In the case of a PVC-fill tower, a slight nudge or tilt may alter the effect of water trickling over the fill, making the water take the path of least resistance. This would, in turn, reduce the overall cooling tower’s heat transfer performance. Additionally, concrete cooling towers have lower noise levels than conventional FRP (single wall) cooling towers, due to the inherent properties of concrete.
Another feature of concrete cooling towers is that they can be constructed as part of the architectural design and, therefore, have aesthetic appeal. This also makes the cooling towers more flexible, as far as space is concerned. The client or consultant, therefore, can allocate a separate space for the towers, instead of installing them in the plant room. This is an added advantage, especially if space in the plant room is a constraint.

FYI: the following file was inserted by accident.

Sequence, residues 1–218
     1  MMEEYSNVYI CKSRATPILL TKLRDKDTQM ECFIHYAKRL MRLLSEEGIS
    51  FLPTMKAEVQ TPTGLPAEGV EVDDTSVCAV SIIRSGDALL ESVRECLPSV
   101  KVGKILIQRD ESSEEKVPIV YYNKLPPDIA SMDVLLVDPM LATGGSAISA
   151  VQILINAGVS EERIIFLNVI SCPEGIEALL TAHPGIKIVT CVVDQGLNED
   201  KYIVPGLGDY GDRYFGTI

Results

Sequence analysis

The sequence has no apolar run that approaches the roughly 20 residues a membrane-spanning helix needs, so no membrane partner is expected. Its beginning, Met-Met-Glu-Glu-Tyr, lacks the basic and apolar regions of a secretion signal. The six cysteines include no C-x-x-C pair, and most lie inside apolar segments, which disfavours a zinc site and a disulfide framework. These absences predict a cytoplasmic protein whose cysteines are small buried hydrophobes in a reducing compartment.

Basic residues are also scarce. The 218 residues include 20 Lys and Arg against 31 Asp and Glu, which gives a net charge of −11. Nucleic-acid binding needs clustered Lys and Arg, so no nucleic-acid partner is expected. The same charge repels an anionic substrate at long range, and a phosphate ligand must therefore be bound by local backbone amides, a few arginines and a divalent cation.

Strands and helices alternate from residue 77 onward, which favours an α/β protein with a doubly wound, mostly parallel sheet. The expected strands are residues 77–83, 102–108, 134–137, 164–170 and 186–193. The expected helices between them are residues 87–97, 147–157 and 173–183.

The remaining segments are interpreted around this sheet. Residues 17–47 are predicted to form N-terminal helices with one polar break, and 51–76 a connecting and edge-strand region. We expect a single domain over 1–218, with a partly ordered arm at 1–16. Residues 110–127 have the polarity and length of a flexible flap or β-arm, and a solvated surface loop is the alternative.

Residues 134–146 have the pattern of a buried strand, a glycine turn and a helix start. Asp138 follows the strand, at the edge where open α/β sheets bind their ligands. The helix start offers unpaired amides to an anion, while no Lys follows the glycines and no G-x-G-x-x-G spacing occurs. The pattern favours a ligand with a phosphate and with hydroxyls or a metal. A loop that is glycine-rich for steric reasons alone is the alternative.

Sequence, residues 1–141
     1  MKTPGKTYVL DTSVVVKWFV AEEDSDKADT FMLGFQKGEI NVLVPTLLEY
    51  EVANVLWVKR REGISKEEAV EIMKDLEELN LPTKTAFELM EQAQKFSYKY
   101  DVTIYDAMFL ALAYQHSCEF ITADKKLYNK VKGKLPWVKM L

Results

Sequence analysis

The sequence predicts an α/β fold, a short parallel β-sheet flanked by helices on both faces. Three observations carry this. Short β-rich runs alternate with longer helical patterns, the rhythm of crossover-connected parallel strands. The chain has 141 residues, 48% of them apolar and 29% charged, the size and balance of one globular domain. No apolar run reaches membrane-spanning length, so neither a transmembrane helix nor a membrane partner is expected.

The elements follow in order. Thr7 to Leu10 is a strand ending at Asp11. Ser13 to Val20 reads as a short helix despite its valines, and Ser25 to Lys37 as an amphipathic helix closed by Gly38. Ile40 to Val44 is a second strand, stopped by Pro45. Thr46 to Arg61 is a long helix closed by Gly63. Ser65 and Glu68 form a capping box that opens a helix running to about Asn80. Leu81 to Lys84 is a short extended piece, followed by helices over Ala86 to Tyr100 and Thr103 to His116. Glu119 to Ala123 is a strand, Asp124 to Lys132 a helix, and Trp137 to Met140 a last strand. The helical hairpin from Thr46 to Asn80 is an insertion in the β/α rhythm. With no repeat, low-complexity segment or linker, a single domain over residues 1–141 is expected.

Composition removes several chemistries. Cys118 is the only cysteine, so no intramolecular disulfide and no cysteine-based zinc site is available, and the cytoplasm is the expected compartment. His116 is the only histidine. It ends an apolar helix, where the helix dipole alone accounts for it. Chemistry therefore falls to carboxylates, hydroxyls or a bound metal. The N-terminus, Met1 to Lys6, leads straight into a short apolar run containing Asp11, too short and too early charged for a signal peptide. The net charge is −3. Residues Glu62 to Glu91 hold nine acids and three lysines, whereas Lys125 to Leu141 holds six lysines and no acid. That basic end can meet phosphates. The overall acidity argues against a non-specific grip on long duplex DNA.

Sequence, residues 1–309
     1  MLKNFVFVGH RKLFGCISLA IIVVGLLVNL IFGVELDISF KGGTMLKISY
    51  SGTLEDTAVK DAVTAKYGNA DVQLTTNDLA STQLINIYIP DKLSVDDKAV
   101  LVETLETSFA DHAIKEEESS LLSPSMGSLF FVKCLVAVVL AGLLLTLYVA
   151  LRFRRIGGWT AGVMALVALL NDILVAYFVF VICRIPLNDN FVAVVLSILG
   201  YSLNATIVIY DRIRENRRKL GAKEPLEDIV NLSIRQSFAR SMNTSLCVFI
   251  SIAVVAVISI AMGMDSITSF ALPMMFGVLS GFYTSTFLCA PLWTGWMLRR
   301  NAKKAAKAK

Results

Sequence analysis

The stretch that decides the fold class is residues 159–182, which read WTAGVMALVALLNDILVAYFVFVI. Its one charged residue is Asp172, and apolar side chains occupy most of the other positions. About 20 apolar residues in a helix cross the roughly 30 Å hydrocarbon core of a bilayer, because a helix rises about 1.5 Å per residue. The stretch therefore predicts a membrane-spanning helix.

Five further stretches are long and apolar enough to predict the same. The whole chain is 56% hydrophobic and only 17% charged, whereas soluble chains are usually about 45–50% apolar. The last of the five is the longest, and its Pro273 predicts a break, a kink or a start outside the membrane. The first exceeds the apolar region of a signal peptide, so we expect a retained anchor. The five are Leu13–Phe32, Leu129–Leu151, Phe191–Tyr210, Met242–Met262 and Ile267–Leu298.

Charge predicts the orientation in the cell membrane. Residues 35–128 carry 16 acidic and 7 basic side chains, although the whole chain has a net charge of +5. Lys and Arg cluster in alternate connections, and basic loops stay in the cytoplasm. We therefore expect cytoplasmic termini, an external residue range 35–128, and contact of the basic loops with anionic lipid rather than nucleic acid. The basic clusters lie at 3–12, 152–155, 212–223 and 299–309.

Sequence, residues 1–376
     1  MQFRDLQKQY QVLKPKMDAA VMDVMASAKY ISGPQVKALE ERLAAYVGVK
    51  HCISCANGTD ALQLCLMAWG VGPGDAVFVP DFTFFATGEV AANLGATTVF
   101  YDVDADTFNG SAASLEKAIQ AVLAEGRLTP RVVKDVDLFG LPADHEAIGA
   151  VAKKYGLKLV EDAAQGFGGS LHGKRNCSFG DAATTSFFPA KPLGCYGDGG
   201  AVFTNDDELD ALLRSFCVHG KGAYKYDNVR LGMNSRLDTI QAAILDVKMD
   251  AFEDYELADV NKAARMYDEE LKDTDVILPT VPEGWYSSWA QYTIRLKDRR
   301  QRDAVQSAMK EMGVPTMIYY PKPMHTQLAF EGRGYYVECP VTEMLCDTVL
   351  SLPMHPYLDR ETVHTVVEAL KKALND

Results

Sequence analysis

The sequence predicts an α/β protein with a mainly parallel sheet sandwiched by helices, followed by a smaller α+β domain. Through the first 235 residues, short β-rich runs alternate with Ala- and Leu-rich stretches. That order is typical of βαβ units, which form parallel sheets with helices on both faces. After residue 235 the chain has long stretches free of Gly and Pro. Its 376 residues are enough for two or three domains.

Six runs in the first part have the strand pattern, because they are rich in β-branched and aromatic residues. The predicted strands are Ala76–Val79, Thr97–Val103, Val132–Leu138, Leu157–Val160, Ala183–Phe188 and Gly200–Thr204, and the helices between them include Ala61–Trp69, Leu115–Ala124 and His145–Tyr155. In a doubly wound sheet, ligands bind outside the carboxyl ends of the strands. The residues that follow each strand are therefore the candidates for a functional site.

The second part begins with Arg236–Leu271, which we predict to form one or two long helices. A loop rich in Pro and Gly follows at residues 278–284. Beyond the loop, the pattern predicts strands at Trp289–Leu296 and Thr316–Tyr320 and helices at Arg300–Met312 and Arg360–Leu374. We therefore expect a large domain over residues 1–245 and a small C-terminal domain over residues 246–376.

A caveat: though concrete cooling towers offer a wide range of innovative possibilities, clients who want to opt for them need to factor them in at the project’s design stage itself and work in tandem with the architect and the mechanical engineer.
In conclusion, it can be said that both FRP and concrete cooling towers are feasible options for a client to consider. The choice depends upon design factors, LCC cost analysis, available project time scales, space considerations, noise levels, safety, tower fire rating and issues of operation and maintenance.
The writer is the Executive Director of IMEC Electro Mechanical Engineering. IMEC are the Exclusive Representatives of CCS Cooling Towers, USA. He can be contacted at email@example.com